Tuesday, November 2, 2010

Of Airplanes and Triangles

There has been so much published in so many ways about the Bermuda Triangle that I will not go into any of that. Losses of both people and their conveyances throughout the greater Triangle area are well documented. It is not a condition just seen off the East Coast of the U.S., but also the same circumstance exists off the coast of Japan in the Dragon’s Triangle. However, even with so much documentation there are still many who doubt that it is a real force. Personally, I have no doubts at all. Early in the year of 1969 I was in the Marines on a sea cruise with the USS Guadalcanal. This was a small helicopter aircraft carrier on which my squadron HMM-365 with about eight CH-46D aircraft was attached. I guess our purpose was to travel throughout the Caribbean Sea to insure everybody was being nice. Usually the common Marine was not told where we were or where we were going. Sometimes we would pull into a port and be allowed to check out the natives. We would test the local food and beverage just to insure all was OK. It was a tough job but someone had to do it. In fact, I made three trips to the Caribbean this way and did not miss very many ports of call in the island chains, South America, or Central America. I transferred between three squadrons just for the trips. HMM-162, HMM-261 and HMM-365. I had a great advantage in knowing just where we were. I was the primary electronics technician for the squadron and had my own shop on the ship and a special large white unit about 10 feet by 20 feet in floor space and tall enough to stand in. Came with its’ own power generator and air conditioner. If we off-loaded on to some hot and sweaty island for war games, my little hut was very popular. Usually, when at sea, I stayed in my office fixing all the electronic aviation equipment that others would test and pass/fail on the aircraft. Once in a while I would have a problem with a piece of equipment wherein it would work on my bench but not in the helicopter. In a case like that I would put it in the plane myself and check all the systems working together. I was fully checked out on the CH-46D and was one of the rare Avionics Crew Chiefs. Most Crew Chiefs were from the metal shop. I could get in the Helicopter, pump the hydraulics, start the APU, bring all the systems on line and work on anything. On one evening this is exactly what I was doing. The piece of equipment I was working on that evening was an ARN-52(v) TACAN. Tacan stands for Tactical Air Navigation. In civilian aircraft the same type of equipment is called a VOR-TAC Variable Omni Ranging for the VOR. All the tacans could communicate with each other and tell each operator what direction and how far away the other airplane was. I was testing the channels and hit a response. I locked into an aircraft that was 50 miles away to our north and headed right for us. At that time we were off the north side of the island of Saint Thomas slowly headed westward towards San Juan, PR. Since the system was working, I shut everything down and went outside to find out if I could see the airplane headed in. It was late in the day just before sundown and quite warm. Once on the flight deck and all was quiet, I looked to the north and could make out the plane headed for us. It had four props and a fairly good size. The aircraft seemed to be going slow and I wondered how close to stall speed they were; in other words, every aircraft has a minimum speed for flying. If under the minimum speed it would not stay in the air and would then glide like a falling rock. Since I was on the starboard side of the ship looking up, several others stopped to watch whatever it was I was looking at. The plane was close enough now, maybe just a mile away and we could hear the engines. Then the plane vanished! Within a half mile of where I was standing, looking overhead, the airplane vanished and no more sound of the engines. Soon the sun set, it was a bit darker, and on the public address system for the ship called the 1MC, came the order for “All hands on deck” and all the ships spot lights came on. We turned towards the location where the aircraft vanished and nothing was found. Several of us were interviewed concerning what we saw. What I saw was a verified contact (via my TACAN) and a visual of the plane at an altitude of maybe 1000 feet. It was less than a half mile away and just vanished. The incident was hushed up and I heard no more. When on the internet a few years ago I remembered the incident. I tried to discover more about it but the entry was very cryptic. Vanished: 1969, March 8: big Douglas DC-4 in cargo service; after leaving the Azores. Crew: 3. N3821 They left the Azores and flew towards San Juan, PR, and almost made it. I wonder where they went. Trust me; considering the evidence, I do not want to follow them to find out. Vanishing in the Bermuda Triangle is far too real to me. You are just reading about it, and I lived it.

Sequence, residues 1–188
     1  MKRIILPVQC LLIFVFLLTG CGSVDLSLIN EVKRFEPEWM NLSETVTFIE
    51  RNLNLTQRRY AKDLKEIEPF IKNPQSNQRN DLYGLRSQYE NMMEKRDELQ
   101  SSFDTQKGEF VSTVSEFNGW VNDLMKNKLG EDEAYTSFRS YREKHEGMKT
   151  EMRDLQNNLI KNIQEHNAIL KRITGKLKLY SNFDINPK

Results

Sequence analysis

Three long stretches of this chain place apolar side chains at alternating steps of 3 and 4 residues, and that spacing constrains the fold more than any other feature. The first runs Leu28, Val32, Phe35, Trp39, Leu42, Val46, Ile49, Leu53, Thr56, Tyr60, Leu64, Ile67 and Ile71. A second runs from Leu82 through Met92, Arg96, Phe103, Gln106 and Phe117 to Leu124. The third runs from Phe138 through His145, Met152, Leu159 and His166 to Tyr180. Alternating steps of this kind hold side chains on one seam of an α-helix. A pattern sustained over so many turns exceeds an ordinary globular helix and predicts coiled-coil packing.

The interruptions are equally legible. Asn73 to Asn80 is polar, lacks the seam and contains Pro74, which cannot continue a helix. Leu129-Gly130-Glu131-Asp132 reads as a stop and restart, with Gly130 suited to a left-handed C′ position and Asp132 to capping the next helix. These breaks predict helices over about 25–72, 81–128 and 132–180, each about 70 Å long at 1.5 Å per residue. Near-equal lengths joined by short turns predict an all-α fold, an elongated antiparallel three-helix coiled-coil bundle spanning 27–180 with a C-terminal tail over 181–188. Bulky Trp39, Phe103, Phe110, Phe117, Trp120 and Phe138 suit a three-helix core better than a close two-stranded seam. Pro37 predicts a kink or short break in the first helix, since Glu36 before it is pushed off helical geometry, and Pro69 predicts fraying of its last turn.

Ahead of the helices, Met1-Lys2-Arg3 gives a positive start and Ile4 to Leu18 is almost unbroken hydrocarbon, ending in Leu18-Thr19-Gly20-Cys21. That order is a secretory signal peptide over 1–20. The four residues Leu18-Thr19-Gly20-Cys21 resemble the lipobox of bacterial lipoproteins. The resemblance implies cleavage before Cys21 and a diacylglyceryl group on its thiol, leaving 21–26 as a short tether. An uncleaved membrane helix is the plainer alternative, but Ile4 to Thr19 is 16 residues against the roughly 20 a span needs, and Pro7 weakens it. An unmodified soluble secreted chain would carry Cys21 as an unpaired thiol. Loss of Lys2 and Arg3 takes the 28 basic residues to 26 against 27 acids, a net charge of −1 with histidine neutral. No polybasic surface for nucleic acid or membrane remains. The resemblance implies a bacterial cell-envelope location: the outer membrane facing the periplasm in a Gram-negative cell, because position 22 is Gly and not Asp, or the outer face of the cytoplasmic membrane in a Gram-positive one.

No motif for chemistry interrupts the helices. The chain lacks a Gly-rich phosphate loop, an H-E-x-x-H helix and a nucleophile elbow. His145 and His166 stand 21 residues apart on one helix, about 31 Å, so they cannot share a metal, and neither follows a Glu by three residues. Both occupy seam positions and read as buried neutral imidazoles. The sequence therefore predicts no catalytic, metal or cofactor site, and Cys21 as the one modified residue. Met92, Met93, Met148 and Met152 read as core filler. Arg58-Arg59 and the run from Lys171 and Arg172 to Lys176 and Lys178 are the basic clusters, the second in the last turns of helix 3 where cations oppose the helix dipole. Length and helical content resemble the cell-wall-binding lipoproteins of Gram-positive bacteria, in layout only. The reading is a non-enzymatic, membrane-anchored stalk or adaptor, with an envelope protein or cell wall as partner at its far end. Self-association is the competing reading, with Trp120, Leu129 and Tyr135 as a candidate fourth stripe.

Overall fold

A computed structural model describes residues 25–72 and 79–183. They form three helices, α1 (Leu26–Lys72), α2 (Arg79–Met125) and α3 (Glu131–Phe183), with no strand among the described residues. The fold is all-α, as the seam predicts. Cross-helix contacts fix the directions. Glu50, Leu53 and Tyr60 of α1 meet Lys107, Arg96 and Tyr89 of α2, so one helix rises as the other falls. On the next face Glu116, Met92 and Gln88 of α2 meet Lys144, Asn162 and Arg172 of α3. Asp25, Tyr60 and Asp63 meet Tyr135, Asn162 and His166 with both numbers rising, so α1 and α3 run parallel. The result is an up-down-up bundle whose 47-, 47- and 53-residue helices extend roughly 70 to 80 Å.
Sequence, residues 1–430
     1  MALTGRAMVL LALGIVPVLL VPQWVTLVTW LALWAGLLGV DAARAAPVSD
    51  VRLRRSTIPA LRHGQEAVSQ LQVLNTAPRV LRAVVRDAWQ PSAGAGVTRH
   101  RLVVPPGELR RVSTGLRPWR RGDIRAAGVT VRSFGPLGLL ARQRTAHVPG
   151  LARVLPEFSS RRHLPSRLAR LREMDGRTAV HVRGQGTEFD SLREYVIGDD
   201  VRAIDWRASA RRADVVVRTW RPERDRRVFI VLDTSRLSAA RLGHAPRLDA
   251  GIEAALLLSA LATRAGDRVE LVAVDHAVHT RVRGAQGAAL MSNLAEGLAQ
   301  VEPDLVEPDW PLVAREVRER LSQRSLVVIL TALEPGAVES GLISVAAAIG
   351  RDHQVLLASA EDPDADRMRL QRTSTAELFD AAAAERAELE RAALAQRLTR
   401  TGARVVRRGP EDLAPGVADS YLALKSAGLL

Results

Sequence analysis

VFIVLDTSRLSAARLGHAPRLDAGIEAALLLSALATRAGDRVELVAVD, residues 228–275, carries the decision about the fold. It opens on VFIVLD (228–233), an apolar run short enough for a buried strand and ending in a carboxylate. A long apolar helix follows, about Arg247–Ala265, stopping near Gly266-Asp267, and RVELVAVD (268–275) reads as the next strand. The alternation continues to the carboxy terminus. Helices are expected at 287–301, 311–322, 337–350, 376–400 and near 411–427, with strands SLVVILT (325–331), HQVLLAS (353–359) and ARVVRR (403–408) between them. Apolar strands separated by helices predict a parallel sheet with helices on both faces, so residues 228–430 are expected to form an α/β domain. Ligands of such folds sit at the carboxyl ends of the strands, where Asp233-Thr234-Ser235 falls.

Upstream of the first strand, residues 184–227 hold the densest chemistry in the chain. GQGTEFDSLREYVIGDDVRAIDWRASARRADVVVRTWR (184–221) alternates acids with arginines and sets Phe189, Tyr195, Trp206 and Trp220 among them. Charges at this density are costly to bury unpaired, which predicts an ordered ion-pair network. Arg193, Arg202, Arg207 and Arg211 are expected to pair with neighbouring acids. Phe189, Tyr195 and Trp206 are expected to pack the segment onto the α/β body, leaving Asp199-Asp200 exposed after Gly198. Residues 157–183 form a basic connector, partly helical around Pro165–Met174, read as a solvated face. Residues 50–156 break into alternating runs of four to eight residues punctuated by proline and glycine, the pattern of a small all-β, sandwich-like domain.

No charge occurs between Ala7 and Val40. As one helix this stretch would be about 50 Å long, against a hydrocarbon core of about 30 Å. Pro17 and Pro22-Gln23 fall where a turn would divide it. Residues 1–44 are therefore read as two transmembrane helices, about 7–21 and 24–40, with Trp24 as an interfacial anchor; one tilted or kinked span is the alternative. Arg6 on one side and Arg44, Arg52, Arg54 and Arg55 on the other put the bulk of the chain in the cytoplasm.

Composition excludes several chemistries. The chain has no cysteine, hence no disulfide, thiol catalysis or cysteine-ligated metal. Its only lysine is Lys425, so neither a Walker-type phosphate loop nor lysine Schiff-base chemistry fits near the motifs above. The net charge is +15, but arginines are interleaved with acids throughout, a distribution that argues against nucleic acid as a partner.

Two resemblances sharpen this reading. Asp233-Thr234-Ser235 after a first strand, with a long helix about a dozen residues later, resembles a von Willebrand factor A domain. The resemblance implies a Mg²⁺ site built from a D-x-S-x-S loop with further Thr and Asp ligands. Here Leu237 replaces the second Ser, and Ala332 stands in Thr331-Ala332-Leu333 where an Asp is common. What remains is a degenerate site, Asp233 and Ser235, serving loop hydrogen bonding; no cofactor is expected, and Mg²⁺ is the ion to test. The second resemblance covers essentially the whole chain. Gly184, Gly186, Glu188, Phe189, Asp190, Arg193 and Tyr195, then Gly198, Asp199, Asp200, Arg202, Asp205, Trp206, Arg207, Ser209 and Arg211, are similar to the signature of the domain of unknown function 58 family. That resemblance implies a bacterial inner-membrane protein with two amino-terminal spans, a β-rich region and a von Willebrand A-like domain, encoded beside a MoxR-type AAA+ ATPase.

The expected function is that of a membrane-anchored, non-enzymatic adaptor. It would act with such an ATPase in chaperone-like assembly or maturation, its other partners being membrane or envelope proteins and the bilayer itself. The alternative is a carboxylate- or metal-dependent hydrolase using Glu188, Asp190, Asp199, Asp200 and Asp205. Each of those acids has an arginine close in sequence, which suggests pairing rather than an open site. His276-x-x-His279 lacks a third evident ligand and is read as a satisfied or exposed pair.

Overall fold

No comments: